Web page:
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TIP OF THE DAY: Ways To Use Mustard

August 5th is National Mustard Day, but since this is a big holiday weekend with lots of mustard in play, we’re jumping the gun.

We have two favorite mustard brands: Maille, the venerable mustard house of Dijon, France, which makes Dijon in dozens of flavors; and Colman’s, the fiercely hot, Chinese-style mustard (the different types of mustard).

We love mustard—great flavor, virtually no calories—and have written it into many recipes and our 10 favorite ways to use mustard.

Even if you don’t want mustard flavor, it can work in the background to perk up so many recipes. Our favorite uses:

  • Barbecue sauce (in South Carolina, the BBQ sauce is simply yellow mustard, vinegar, spices and sugar.
  • Burgers, chops, franks, steaks.
  • Cheese plates and charcuterie platters.
  • Condiment: mix with mayo or yogurt for creamy mustard, with honey for sweet-and-spicy mustard
  • Crudités.
  • Glaze or condiment for beef, chicken, fish, ham, lamb, pork (mustard makes a nice crust).
  • Glaze or condiment for vegetables, especially other cruciferous members (see below).
  • Marinades.
  • Pan sauce (deglaze the pan).
  • Potatoes: a dip for fries, a bit into mashed, or toss baby potatoes with Dijon and rosemary.
  • Pretzels.
  • Sandwiches, including grilled cheese.
  • Seasoning, in dips, meat loaf, salads (egg, chicken, potato, macaroni, tuna, etc.), stews, stuffings, vinaigrettes.
    As a recipe helper, just a spoonful of mustard helps to:

  • Add tang.
  • Emulsify vinaigrettes.
  • Make breading adhere (brush with mustard before dipping in crumbs.
  • Thicken casseroles and stews.
    And when we’re stuck for a sauce: Dijon mustard, plain Greek yogurt and some seasonings.

    You can find lots of recipes on Maille.com.

    Although we haven’t tried it, there’s a recipe for carrot cake and a mango cocktail, both of which use Dijon mustard.

    For some real heat, look at this collection of recipes from Colman’s. Add some heat to mac and cheese, soup, even gingerbread.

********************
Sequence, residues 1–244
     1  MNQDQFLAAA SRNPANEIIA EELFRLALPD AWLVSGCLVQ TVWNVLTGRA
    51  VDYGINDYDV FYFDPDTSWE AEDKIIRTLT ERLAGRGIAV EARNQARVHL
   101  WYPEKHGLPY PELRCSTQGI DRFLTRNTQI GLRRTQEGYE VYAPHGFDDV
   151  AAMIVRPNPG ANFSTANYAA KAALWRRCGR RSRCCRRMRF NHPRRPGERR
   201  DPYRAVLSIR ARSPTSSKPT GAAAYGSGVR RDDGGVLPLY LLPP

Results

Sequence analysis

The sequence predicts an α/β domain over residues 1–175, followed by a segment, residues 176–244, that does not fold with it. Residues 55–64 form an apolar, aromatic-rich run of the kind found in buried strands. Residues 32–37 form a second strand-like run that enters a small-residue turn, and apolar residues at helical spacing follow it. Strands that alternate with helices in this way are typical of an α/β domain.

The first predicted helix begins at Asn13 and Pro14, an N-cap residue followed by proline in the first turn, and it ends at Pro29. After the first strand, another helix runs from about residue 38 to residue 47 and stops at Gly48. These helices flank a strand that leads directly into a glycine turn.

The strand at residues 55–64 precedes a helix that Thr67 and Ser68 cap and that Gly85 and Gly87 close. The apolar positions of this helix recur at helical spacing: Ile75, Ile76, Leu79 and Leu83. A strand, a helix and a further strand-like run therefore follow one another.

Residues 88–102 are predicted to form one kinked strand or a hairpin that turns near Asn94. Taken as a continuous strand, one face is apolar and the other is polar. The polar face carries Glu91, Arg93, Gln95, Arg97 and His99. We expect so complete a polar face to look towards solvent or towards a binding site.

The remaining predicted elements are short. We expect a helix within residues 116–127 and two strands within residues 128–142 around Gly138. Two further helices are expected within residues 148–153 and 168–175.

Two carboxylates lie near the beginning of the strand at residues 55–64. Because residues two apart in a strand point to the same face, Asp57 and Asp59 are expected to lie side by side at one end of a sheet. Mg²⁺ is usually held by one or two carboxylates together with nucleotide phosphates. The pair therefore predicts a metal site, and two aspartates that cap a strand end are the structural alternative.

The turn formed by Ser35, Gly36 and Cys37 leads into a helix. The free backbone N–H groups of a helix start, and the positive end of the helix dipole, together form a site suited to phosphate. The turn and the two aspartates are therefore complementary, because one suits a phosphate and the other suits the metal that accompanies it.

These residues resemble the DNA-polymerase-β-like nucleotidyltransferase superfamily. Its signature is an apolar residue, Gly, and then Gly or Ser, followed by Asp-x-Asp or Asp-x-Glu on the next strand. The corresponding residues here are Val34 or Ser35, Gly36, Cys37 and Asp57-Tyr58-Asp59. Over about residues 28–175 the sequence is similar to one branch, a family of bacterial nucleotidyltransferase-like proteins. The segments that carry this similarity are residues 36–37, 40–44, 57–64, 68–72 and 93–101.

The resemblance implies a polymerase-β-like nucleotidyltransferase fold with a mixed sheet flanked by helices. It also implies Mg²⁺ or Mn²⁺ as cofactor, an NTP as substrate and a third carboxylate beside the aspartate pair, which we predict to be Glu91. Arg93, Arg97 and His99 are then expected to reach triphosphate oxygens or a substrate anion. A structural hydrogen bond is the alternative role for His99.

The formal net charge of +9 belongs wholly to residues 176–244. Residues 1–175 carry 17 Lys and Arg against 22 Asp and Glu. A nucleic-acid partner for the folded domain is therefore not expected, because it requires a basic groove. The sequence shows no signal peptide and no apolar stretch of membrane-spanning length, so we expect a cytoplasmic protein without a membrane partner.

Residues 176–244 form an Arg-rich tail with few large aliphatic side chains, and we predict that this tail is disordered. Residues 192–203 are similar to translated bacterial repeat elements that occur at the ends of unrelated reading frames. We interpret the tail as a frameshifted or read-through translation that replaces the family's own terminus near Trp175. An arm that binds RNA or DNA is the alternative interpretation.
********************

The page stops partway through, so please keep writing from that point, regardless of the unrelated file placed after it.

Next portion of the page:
Your healthcare providers want you to eat more cruciferous veggies.

    Cruciferous vegetables—also known as brassicas—are superfoods that comprise the Brassicaceae family of vegetables. These nutritional powerhouses are also packed with cancer-fighting* phytonutrients, powerful antioxidants.

    The family includes

  • Arugula
  • Bok choy
  • Broccoli
  • Brussels sprouts
  • Cabbage
  • Cauliflower
  • Collard greens
  • Horseradish
  • Kale
  • Kohlrabi
  • Mizuna
  • Mustard greens
  • Radish
  • Rapeseed/canola
  • Rapini (broccoli rabe)
  • Rutabaga
  • Tatsoi
  • Turnips
  • Watercress
    Steak and Mustard
    [1] Mustard is a spicy-savory condiment, that can be softened with honey, mayonnaise, yogurt (photo courtesy Maille).

    Gravlax With Mustard Sauce
    [2] Use mustard to make a crust on salmon or other proteins. Mix it with yogurt and herbs for a mustard sauce (photo courtesy Kitchen Galanter).

    Mustard WIth Pretzel
    [3] A match made in heaven: soft pretzels and spicy mustard (photo courtesy Ringhand’s Mustard).

    Chicken Nuggets With Mustard
    [4] Anything fried can be paired with mustard or mustard sauce (photo courtesy Betty Crocker).
    Fries With Mustard
    [5] Want fries with that? Mustards and other sauces at Le District | NYC.


    Cruciferous Vegetables
    [6] Cruciferous cousins, clockwise from top: turnip greens, cauliflower, tatsoi, Brussels sprouts, red cabbage, broccoli (photo courtesy PinsDaddy).

    Eat up: Cruciferous vegetables are low in calories and high in fiber, vitamins and minerals. Consume them raw or lightly steamed to get the maximum amount of antioxidants.

    Just don’t overcook them! You can eat overcooked carrots or potatoes, but overcooked broccoli and Brussels sprouts are not so pleasant.

    “Cruciferous” derives from cruciferae, New Latin for “cross-bearing.” It is so named because the flowers of these vegetables consist of four petals in the shape of a cross.

    Here’s a book you may enjoy: Brassicas: Cooking the World’s Healthiest Vegetables: Kale, Cauliflower, Broccoli, Brussels Sprouts and More.
    *Studies have shown the ability of cruciferous vegetables to stop the growth of cancer cells in the breast, cervix, colon, uterus, liver, lung and prostate.



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